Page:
Well, that's an issue I have with our standard in general, but the idea is that it all evens out, because in a food situation, most of the prices are close to each other. I order a $3 appetizer, you order a $6 appetizer, the average tip for an appetizer at that restaurant is 45 cents. If you go to a more upscale restaurant where a an appetizer ranges from $16 to $20, then the average tip for an appetizer will be around $1.80. If there is caviar on the menu, there is some skewing akin to the wine issue, but let's ignore that for now, because it is a singular anomaly. Now go to the average upscale restaurant. Let's say the average tip on an entree is $10, app $5, Dessert $3. Sure there's some variance, but it works. Over time, all waiters serve the a bunch of each and end up with close to the average tip. With the wine list, the range of prices is much wider. I agree that an upscale restaurant may feature a sommelier, however he will give you the same attention if you order a fine vintage of Chateau mouton rothschild as if you buy a recent California table wine. Similarly, if you were bellied up to a bar, would you tip differently for a shot of Johnny Walker Blue vs. Black? probably yes, but I would tip $2-3 for the black and $10 maybe for the Blue...certainly not $30 as I think it is up around $125-150 / shot in some chicago bars. NOTE: The finest restaurants in this country (Per Se and FL) are service included. I believe any restaurant that is in that calibre will soon follow suit as it eliminates these odd inconsistencies with the current social convention and also promotes an atmosphere where servers have an incentive to make a career there instead of treating it as a temporary job.
    I've tipped 0% for inappropriateness. 10% for really poor service. Last Thursday was 25.6% on a $214.00 bill, and Saturday was 31.6% on a 190.00 and 120% on a ten dollar bill. ~ Huntsman
    I would never tip 0-10% without having a discussion with the manager about the specific reason for my action. The only thing that happens if you do otherwise is you walk out and the inappropriate/poor server talks about what a cheap bastard you are. If you are going to do that, you should really give a reason.
     


  11. ChicagoRon

    ChicagoRon Senior member

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    http://www.starchefs.com/features/ed...te/index.shtml Here's a decent source that reiterates the idea that you should tip 15-20% on the wine regardless of price because "if you are buying wine like a big spender, you should tip like one". I still have an inherent problem with the idea that you should do something simply because you can afford it. However, as a frequent diner and good customer, I have never bucked these conventions myself... I am a generous tipper....I just think there are some issues with our current system.
     


  12. Lel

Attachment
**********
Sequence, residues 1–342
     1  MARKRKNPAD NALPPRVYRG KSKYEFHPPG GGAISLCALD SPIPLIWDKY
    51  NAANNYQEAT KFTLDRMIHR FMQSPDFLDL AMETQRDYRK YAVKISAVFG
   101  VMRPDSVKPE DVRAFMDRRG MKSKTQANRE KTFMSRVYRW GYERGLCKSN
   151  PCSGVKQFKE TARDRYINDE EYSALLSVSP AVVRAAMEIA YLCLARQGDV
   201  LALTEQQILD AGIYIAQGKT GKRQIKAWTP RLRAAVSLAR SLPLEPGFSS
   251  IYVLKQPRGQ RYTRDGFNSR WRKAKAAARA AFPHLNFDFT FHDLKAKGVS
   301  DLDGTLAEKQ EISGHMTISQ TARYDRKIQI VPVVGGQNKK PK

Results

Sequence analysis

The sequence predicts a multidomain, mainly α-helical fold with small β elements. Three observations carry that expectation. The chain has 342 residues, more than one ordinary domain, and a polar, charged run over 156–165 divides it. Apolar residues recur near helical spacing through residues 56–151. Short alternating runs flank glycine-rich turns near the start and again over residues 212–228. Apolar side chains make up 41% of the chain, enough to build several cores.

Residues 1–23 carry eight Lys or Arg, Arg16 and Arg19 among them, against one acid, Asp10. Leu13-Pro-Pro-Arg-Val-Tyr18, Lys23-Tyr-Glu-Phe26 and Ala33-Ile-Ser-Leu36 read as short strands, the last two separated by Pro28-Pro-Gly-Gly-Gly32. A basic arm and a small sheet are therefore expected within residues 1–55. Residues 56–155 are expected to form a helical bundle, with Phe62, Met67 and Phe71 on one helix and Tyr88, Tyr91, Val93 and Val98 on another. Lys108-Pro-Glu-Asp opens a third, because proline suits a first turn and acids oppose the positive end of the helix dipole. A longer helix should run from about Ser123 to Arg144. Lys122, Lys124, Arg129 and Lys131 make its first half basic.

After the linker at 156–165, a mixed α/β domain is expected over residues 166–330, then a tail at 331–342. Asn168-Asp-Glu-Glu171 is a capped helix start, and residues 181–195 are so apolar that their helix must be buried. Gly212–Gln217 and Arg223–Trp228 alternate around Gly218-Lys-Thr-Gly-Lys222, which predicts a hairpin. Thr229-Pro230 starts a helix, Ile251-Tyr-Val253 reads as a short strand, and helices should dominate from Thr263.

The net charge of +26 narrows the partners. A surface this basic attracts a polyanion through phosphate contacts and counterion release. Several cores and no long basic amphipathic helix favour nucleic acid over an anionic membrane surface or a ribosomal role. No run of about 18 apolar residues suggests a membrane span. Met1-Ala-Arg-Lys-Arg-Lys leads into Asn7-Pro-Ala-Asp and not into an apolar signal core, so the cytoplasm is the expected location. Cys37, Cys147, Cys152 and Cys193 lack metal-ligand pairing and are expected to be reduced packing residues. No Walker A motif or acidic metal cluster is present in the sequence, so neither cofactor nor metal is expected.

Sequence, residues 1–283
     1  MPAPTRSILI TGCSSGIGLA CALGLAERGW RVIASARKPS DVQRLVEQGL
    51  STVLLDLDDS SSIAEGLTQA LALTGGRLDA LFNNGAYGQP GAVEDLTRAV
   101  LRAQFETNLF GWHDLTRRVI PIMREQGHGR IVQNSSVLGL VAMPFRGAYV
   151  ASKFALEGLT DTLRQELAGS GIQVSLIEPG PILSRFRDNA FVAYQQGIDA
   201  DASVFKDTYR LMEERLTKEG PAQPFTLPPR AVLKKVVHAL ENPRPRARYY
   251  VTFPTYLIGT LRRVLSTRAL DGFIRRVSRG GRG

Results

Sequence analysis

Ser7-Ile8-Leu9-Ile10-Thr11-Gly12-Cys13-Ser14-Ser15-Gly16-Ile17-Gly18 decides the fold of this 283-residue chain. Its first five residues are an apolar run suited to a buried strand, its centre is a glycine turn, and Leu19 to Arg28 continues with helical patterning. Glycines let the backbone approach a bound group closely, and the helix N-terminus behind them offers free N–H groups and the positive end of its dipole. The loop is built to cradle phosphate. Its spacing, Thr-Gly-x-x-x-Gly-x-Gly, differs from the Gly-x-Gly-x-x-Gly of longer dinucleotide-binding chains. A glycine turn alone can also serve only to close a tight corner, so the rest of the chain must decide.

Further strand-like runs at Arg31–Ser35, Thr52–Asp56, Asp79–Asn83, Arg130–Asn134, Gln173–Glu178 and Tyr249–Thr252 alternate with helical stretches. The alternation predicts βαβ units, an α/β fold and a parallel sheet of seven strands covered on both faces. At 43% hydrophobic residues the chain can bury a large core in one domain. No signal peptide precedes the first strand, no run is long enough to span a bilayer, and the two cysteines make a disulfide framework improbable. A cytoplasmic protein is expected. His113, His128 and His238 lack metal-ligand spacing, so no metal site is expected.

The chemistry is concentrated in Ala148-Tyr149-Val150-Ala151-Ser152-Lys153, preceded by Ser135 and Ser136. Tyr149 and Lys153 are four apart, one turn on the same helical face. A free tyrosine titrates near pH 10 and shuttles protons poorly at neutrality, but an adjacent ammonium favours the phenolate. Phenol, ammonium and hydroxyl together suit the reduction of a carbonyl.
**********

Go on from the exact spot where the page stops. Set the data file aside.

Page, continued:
Lel Senior member

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    15% always rounding up to the nearest dollar because I mostly use debit card and even dollar amounts makes balancing easier.
     


  13. jml90

    jml90 Senior member

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    Similarly, if you were bellied up to a bar, would you tip differently for a shot of Johnny Walker Blue vs. Black? probably yes, but I would tip $2-3 for the black and $10 maybe for the Blue...certainly not $30 as I think it is up around $125-150 / shot in some chicago bars.

    That seems a bit exorbitant as it seems it can be bought for around $200 a bottle.
     


  14. thepataphysician

    thepataphysician Senior member

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    As a former waiter, I am surprised how many people have said that they tip 15%. 15% is a bad tip. If the service was good enough that you would return to a restaurant, you shoud be tipping at least 20%. And exceptional service should be treated exceptionally. If you, your guest or your girlfriend are super needy take that in to account. I also think it is important to say if your food isn't good and you don't bring it to the attention of the staff, don't leave a shitty tip - your waiter didn't oversalt the mashed potatoes. that said, if something is wrong with service or meal, speak with the server or the manager, if they can't fix it, don't return to the restaurant.

    I believe that if you are served by the owner, tipping is not necessary. someone please correct me if I am wrong.

    I am interested in how people tip barbers. my barber shop is an old italian shop, a hair cut is $14 and a shave is $10. I usually pay $18 to 20 for a cut or $40 a shave and a cut.
     


  15. Brian278

    Brian278 Senior member

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    As a former waiter, I am surprised how many people have said that they tip 15%. 15% is a bad tip. If the service was good enough that you would return to a restaurant, you shoud be tipping at least 20%. And exceptional service should be treated exceptionally. If you, your guest or your girlfriend are super needy take that in to account. I also think it is important to say if your food isn't good and you don't bring it to the attention of the staff, don't leave a shitty tip - your waiter didn't oversalt the mashed potatoes. that said, if something is wrong with service or meal, speak with the server or the manager, if they can't fix it, don't return to the restaurant.

    I believe that if you are served by the owner, tipping is not necessary. someone please correct me if I am wrong.

    I am interested in how people tip barbers. my barber shop is an old italian shop, a hair cut is $14 and a shave is $10. I usually pay $18 to 20 for a cut or $40 a shave and a cut.


    I tip $10-$15 on a hair cut for which I pay $30-$40. I only get it cut every 7 weeks or so and my hair is something I want somebody to put a lot of effort into, asking me questions about, etc. so I try to spend accordingly. At the places I've been recently the stylist usually shampoos my hair and often performs a scalp massage so I feel it's warranted.